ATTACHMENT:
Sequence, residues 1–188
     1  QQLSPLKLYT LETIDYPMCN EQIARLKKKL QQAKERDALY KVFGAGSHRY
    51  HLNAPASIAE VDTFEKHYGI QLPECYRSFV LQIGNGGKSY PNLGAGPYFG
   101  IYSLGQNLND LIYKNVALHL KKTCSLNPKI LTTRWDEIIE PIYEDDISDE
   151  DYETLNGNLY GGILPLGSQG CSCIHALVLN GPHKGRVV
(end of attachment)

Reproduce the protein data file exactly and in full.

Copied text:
Sequence, residues 1–188
     1  QQLSPLKLYT LETIDYPMCN EQIARLKKKL QQAKERDALY KVFGAGSHRY
    51  HLNAPASIAE VDTFEKHYGI QLPECYRSFV LQIGNGGKSY PNLGAGPYFG
   101  IYSLGQNLND LIYKNVALHL KKTCSLNPKI LTTRWDEIIE PIYEDDISDE
   151  DYETLNGNLY GGILPLGSQG CSCIHALVLN GPHKGRVV